WASHINGTON – U.S. Senators Cardin, Hirono, and Democratic colleagues addressed a letter last week to Dr. James Reilly, the Director of the U.S. Geological Survey (USGS), to express their concern over recent reports that USGS will only utilize climate models that project the effects of climate change through 2040. USGS has historically used models that projected the anticipated impact of climate change through the end of the century.
The Senators called into question USGS’s decision to limit the scope of climate modeling, as USGS data is used as the basis for many important planning decisions made by local, state, and federal governments. In their letter, the Senators raised their concern that these actions appear to be in line with politically motivated moves within the Department of the Interior (DOI), and more broadly across this administration, to suppress climate change science. They warned of the dangers of putting science through political filters, which would hinder the United States’ ability to understand and address environmental and public health threats.
“Hiding this information from the American public not only paralyzes the ability to execute informed decision-making today to reduce future emissions impacts, but would be further compounded by the administration’s intent to leave the ‘worst case scenario’ out of future assessments and their attempt to discredit this scenario in the NCA4. This is particularly concerning given how our current emissions pathway most closely follows the ‘worst case scenario’ and that if, as the NCA4 warns, fossil fuel use continues unrestrained, ‘the earth’s atmosphere could warm by as much as eight degrees Fahrenheit by the end of the century,’ which would result in catastrophic societal issues that include decreasing food production and negative impacts on public health,” the Senators wrote in their letter.
Additional signers include U.S. Senators Shaheen (D-N.H.), Stabenow (D-Mich.), Hassan (D-N.H.), Blumenthal (D-Conn.), Baldwin (D-Wis.), Klobuchar (D-Minn.), Whitehouse (D-R.I.), Merkley (D-Ore.), Coons (D-Del.), Feinstein (D-Calif.), Markey (D-Mass.), Heinrich (D-N.M.), Udall (D-N.M), Brown (D-Ohio), Cortez Masto (D-Nev.), Duckworth (D-Ill.), Leahy (D-Vt.), Gillibrand (D-N.Y.), King (I-Maine), and Harris (D-Calif.).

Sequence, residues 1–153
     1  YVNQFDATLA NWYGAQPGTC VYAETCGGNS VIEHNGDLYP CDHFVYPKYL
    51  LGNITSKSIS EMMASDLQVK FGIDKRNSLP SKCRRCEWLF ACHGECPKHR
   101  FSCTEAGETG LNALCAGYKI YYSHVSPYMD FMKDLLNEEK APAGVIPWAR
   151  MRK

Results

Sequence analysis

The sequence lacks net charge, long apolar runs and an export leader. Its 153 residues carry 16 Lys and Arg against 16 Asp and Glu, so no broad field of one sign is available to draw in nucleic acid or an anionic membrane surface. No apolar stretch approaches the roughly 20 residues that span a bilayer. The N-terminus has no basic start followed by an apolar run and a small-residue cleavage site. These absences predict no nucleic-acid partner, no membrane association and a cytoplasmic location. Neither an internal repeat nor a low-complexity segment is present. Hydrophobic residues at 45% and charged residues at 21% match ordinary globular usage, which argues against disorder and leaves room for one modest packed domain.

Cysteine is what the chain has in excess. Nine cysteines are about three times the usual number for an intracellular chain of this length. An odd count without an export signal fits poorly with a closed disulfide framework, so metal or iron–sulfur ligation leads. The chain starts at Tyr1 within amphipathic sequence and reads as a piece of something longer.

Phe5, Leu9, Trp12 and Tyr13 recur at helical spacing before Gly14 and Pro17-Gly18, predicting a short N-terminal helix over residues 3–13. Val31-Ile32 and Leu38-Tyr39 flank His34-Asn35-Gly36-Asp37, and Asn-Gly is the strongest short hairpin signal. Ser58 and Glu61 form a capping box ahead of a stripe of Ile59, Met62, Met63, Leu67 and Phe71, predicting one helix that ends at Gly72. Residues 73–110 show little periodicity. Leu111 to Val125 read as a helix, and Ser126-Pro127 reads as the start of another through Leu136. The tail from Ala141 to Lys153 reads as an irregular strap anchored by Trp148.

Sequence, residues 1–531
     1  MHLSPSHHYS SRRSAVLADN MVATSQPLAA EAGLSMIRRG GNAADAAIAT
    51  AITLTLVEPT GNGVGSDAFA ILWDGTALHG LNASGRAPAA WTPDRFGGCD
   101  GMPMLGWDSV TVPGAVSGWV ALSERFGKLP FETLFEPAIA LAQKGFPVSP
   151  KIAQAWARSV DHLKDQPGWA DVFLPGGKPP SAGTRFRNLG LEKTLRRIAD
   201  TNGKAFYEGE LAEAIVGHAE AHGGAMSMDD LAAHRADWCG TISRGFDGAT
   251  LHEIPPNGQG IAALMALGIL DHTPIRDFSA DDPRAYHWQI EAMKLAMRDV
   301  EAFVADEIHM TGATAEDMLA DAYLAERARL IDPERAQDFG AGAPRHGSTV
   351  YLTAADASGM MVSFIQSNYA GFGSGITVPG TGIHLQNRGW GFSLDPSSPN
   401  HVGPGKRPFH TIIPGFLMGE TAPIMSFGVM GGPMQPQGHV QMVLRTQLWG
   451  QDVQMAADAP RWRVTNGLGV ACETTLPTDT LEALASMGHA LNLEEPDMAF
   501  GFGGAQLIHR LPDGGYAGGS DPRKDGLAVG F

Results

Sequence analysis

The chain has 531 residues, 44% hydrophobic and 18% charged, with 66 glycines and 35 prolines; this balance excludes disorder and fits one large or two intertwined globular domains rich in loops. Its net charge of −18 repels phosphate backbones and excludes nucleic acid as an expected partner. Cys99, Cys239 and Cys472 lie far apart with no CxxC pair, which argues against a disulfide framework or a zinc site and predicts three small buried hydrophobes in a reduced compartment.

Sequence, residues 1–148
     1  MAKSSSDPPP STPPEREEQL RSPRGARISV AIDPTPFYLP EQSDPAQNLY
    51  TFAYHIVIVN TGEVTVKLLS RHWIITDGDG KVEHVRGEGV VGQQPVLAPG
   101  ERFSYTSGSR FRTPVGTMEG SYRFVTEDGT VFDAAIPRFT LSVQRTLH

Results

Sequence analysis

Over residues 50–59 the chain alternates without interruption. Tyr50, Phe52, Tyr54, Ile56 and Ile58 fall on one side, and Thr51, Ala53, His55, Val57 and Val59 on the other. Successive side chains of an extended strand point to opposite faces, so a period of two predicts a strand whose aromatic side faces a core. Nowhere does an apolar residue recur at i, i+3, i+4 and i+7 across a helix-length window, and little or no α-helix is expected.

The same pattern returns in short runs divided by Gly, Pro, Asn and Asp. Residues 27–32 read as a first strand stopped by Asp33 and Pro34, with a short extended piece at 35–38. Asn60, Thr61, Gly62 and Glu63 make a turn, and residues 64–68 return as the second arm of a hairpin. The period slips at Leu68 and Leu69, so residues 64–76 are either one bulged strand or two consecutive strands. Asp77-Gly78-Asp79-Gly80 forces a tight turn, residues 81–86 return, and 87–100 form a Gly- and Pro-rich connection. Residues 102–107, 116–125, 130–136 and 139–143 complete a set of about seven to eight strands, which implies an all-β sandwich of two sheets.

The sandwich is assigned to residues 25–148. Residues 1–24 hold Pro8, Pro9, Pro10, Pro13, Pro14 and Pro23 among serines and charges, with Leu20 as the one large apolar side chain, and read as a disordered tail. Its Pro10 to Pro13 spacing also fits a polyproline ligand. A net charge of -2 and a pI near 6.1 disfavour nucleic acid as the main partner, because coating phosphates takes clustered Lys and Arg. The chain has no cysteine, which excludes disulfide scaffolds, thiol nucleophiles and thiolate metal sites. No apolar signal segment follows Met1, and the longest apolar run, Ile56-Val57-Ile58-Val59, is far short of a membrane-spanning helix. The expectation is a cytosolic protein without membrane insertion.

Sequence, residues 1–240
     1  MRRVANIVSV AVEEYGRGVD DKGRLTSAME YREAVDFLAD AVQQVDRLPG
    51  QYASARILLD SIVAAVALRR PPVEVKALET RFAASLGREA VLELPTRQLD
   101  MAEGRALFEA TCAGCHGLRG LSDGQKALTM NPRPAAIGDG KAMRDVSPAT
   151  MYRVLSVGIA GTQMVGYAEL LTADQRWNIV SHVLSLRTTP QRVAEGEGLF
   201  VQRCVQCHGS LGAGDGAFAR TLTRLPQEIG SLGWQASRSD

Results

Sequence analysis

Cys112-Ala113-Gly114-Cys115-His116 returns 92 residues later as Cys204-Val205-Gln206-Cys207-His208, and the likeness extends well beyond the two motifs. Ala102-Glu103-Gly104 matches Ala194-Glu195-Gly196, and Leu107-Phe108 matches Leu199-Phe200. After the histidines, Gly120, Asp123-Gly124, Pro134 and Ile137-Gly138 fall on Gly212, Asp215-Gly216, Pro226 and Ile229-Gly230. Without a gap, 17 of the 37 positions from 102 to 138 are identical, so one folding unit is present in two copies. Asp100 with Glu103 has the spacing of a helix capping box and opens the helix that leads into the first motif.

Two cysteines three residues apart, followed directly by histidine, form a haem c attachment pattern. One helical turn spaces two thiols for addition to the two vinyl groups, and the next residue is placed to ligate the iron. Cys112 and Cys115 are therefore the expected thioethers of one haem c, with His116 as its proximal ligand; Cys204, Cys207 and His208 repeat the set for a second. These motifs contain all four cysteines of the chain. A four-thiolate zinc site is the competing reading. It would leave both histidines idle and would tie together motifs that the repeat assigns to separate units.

Cardin and Senate Democrats have repeatedly called for investigations into to the Trump administration’s attempts to suppress scientific data across federal agencies. In June, they sent a letter to U.S. Department of Agriculture (USDA) Inspector General to request an investigation into potential instances of suppression and alteration of scientific reports, documents, or communications at the agency.
In April, Cardin joined colleagues in addressing a letter to then-DOI Deputy Inspector General Mary L. Kendall to request an investigation into the suppression of a Fish and Wildlife Service Biological Opinion that was due to be completed and released in December 2017. The letter specifically called into question actions taken by Secretary of the Interior David Bernhardt to suppress scientific data, which Senator Cardin and colleagues drew attention to in a September 2018 letter.
The full text of the letter to Director Reilly is available here and below:Dr. James F. Reilly II, Director U.S. Geological Survey 12201 Sunrise Valley Drive Reston, VA 20192
Dear Director Reilly,
We are writing to express deep concern over recent reporting that the United States Geological Survey (USGS) will only be utilizing climate models that project the effects of climate change through 2040, rather than the previously accepted practice of using models that project through the end of the century. This decision appears to be another in a long line of politically motivated moves within the Department of the Interior, and more broadly across this administration, to suppress climate change science.
The New York Times reported on May 27, 2019 that you “ordered that scientific assessments produced by [USGS] use only computer-generated climate models that project the impact of climate change through 2040, rather than through the end of the century, as had been done previously.” This not only conceals in future documents the impacts that we will face at both the mid-century time frame (2036-2065) and the late-century time frame (2071-2100) that were included in the most recent National Climate Assessment (NCA4), but also removes from the discussion how critical these impacts are to the emissions choices we make today.